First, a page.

Posted by SkyePuppy

Wednesday, May 17, 2006 11:10:00 AM  
Blogger Harold C. Hutchison said...

I cannot speak for the Hedgehog, but as the person whose post he linked to, I would like to respond.

The column in question labeled President Bush a liar, and then went on to say, "If it took the Germans less than four years to rid themselves  of 6 million Jews, many of whom spoke German and were fully integrated into German society, it couldn't possibly take more than eight years to deport 12 million illegal aliens, many of whom don't speak English and are not integrated into American society."

That looks like a tacit endorsement of their methods to me. That was what made it very odious to me. But what was also disconcerting is the silence with which it has been treated. And to be very honest, Michelle Malkin has been one of the loudest people to claim that her critics mischaracterize. But I've noticed some things that strike me as not being right , and I want to know just what is going on. Yet the usual response when some of the hard-liners is to be accused of shouting "Racist!/Nativist!/Xenophobe!" or being a liberal.

And in some cases, these people are implacable. Look at Polipundit, and his recent purge of guest bloggers who disagreed with him on immigration. Look at the way some are threatening to stay home in November unless they get their way. There is an implication that I do not have the right to ask what is going on there. I respectfully disagree.

And speaking of "enforcement first", I'd like to ask a question - is there a point at which you would accept increased quotas for visas, a guest-worker program, and cutting some of those who are already here some slack? Because "enforcement first" can just as easily be manipulated. 

Posted by Harold C. Hutchison

Wednesday, May 17, 2006 12:16:00 PM  
Blogger SkyePuppy said...

Mr. Hutchison,

Thanks for your reply.

I still don't know why Vox Day deserves rebuttal, when so many vulgar, vicious people on the left get ignored, and when Day is not a Republican. But I'll let that go, I guess.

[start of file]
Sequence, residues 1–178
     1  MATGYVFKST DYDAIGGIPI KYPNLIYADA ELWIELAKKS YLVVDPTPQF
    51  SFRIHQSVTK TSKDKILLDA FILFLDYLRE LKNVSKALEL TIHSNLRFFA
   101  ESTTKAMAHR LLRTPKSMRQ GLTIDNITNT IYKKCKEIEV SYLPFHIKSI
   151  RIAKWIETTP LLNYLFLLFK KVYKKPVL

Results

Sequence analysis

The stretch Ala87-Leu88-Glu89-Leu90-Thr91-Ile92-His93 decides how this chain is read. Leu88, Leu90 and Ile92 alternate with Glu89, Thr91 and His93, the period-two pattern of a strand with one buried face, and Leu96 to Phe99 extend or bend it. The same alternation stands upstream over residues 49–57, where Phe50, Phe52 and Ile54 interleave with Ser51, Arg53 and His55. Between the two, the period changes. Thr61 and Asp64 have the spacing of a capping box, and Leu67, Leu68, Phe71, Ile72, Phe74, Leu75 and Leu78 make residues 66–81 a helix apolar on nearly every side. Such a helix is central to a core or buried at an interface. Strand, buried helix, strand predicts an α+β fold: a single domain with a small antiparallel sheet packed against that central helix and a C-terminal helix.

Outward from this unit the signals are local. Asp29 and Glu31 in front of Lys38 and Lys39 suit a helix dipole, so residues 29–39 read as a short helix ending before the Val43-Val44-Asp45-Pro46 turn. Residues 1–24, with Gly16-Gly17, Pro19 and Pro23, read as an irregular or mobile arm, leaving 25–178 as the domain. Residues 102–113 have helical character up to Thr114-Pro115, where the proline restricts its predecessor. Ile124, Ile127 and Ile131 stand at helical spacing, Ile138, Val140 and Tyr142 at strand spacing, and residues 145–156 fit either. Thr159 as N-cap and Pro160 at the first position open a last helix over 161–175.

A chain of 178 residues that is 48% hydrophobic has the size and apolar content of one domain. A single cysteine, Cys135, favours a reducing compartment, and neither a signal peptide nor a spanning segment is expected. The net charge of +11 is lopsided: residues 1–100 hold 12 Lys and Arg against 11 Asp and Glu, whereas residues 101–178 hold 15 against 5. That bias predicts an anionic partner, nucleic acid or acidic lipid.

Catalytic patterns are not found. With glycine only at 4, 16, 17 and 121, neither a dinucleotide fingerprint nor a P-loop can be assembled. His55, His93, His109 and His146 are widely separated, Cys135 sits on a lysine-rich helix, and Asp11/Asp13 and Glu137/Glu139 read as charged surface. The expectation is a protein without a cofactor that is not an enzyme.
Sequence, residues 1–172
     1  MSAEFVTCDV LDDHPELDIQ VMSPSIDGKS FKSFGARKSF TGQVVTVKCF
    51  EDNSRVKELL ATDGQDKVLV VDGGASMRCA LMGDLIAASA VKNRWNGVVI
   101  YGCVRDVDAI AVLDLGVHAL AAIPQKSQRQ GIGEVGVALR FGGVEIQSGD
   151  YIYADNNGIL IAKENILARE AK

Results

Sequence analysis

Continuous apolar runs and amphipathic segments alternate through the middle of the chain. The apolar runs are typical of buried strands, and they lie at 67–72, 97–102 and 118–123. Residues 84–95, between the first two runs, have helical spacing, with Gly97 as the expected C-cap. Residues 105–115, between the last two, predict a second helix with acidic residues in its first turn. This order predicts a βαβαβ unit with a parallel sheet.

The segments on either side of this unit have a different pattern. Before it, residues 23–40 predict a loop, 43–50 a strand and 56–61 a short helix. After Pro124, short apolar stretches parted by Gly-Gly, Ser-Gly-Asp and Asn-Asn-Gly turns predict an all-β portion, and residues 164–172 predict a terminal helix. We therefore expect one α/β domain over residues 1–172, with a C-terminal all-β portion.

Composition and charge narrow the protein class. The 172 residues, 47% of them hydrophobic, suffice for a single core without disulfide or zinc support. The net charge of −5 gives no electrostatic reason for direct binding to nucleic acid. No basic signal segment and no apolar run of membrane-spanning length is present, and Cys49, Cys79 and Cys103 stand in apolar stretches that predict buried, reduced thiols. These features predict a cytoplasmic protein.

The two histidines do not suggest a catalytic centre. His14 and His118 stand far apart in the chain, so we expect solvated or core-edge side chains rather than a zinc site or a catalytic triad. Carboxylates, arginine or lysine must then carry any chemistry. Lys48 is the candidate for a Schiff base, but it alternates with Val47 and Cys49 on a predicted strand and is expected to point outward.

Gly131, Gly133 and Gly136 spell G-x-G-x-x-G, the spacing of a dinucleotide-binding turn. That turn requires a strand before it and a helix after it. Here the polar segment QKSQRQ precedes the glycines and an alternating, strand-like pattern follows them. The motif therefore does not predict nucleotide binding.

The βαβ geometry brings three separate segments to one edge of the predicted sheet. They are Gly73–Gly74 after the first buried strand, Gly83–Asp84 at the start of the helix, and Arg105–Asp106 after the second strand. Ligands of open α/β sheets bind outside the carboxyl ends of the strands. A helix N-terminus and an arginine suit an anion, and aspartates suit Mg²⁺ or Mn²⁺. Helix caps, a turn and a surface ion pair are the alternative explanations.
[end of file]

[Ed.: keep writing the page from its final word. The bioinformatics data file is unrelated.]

As for your question, I have already called for increased legal immigration quotas as well as streamlining the process, so the people we want to let in can actually get here (but then again, I'm not on a lot of people's radar so you may not have seen that).

For the people who are already here and have been here a long time, I'm willing to cut them some slack, but they absolutely should go the the end of the line after people who have been trying to get their citizenship the legal way (like the Canadian man at my church who is married to an American and has been in the legal morass for years, so far without citizenship).

A guest-worker program is more problematic, because it's a complex question of document-checking and employer penalties and jobs Americans really would do if the employers weren't jumping at the chance to pay sub-minimum wage and enforcement on the back-end when the guest-work is finished. I'm open to the discussion on this one.

For me, the crucial point is that we really must close the border to all but the people we want to let in (tourists, legal immigrants, etc), or else we're going to be in this mess all over again ad nauseum . And so far, I haven't seen Congress's willingness to do this. 

Posted by SkyePuppy

Wednesday, May 17, 2006 1:48:00 PM